This past May, I was invited to speak to a Sunday-school class at a local United Methodist church. I talked about how being a president is a calling for me, and how I have to exercise a great deal of faith to do my job. I am the president of a United Methodist-affiliated, historically black college, so faith plays a huge role in everything that I do.
I also spoke about the radical transformation of Philander Smith College, including our greatly improved retention rates, graduation rates, and rankings, as well as our focus on social justice. And I talked about my admiration for Benjamin Mays, president of Morehouse College when Martin Luther King Jr. was a student there. Mays mentored his students, and I try to connect with mine as he did—through meaningful personal connections.
After my talk, I invited questions, and the group of mostly elderly white men and women had plenty. They wanted to know more. Then inevitably, toward the end, an audience member asked the question—the one asked, in various ways, of every president of a historically black college or university by people with limited knowledge of black colleges:
Do we still need HBCU's?
In this instance, the audience member phrased his question by asking if HBCU's are a holdover from a previous era, an anachronism incongruent with modern America. I was ready with an answer: I talked about providing options for students, and offering the best fit in order to improve their chances of graduating.
But then I went further and said that even if we eliminated HBCU's, the result would not be greater engagement between races at predominantly white institutions.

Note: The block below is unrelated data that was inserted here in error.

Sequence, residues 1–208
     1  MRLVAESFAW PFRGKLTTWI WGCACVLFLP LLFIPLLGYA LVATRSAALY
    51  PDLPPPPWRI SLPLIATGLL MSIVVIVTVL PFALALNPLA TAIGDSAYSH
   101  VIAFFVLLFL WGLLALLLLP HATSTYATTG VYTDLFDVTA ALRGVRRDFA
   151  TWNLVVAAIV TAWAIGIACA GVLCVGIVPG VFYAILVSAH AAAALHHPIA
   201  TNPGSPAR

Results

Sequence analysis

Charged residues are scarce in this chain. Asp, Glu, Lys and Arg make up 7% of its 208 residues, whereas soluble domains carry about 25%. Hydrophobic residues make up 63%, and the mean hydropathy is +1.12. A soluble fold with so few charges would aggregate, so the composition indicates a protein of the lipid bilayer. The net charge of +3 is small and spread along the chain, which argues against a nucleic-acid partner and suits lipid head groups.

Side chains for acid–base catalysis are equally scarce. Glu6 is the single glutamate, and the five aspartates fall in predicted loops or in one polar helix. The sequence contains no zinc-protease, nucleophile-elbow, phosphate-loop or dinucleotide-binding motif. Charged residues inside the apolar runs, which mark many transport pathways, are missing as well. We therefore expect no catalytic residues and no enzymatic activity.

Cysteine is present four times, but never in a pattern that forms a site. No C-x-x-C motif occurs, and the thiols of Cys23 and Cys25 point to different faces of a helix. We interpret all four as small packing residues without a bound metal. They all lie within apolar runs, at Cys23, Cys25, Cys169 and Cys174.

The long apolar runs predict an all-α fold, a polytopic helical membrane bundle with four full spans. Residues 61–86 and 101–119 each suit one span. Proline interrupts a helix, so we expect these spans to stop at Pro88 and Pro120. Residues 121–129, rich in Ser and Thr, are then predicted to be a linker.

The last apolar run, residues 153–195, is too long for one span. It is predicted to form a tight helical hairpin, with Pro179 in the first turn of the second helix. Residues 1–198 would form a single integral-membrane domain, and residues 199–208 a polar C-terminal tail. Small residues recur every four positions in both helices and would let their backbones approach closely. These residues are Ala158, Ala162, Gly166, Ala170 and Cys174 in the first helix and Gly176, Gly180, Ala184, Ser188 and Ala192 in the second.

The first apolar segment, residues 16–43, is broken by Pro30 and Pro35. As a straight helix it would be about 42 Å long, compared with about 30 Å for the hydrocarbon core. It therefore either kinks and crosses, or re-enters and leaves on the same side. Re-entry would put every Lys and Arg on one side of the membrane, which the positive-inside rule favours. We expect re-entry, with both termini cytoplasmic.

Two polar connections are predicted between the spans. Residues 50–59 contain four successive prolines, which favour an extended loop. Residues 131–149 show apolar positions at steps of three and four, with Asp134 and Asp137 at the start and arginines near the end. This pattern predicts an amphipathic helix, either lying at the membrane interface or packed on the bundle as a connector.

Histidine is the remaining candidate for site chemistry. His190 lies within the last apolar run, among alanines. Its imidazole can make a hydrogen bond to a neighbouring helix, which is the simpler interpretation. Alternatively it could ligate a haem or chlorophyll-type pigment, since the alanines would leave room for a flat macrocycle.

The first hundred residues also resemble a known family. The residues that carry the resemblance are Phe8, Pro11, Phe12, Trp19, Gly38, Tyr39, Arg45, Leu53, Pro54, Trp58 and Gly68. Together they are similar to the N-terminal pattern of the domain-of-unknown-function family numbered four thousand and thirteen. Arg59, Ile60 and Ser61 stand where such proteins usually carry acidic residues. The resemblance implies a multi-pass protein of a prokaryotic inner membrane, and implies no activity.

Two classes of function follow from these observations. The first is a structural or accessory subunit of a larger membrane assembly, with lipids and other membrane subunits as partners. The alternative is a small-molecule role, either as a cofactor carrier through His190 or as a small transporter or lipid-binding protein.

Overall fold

Most campuses feature black fraternities and sororities, a black student union, and multicultural-affairs offices. So just because a black student attends a predominantly white college, that doesn't mean he or she will have meaningful interactions with people of other races. In fact, black students can have experiences that are radically different from those of their white peers. I speak from experience, as a graduate of the University of Georgia.
Yet last fall, Jason L. Riley wrote a critique of HBCU's in The Wall Street Journal, suggesting that they are no longer necessary, since there are so many traditional colleges now willing to give black students a chance, and more black students are attending those colleges. A few weeks later, Richard Vedder, writing on the Chronicle blog Innovations, pointedly asked the question in a post titled "Why Do We Have HBCU's?" In the post, Vedder claimed to be disturbed by race-based institutions and the fact that we "subsidize and promote institutions that celebrate homogeneity," and suggested that we should "rethink the public funding of this anachronism from the past."
My wife, a higher-education attorney, is a graduate of a small HBCU, Talladega College. We often discuss articles critical of HBCU's, as well as the frequently weak responses from the HBCU community, which tends to rely on outdated platitudes about providing access, making lemonade from lemons, and so on. The truth is, some criticisms of HBCU's are valid. So we must do a better job: Nothing silences critics like success.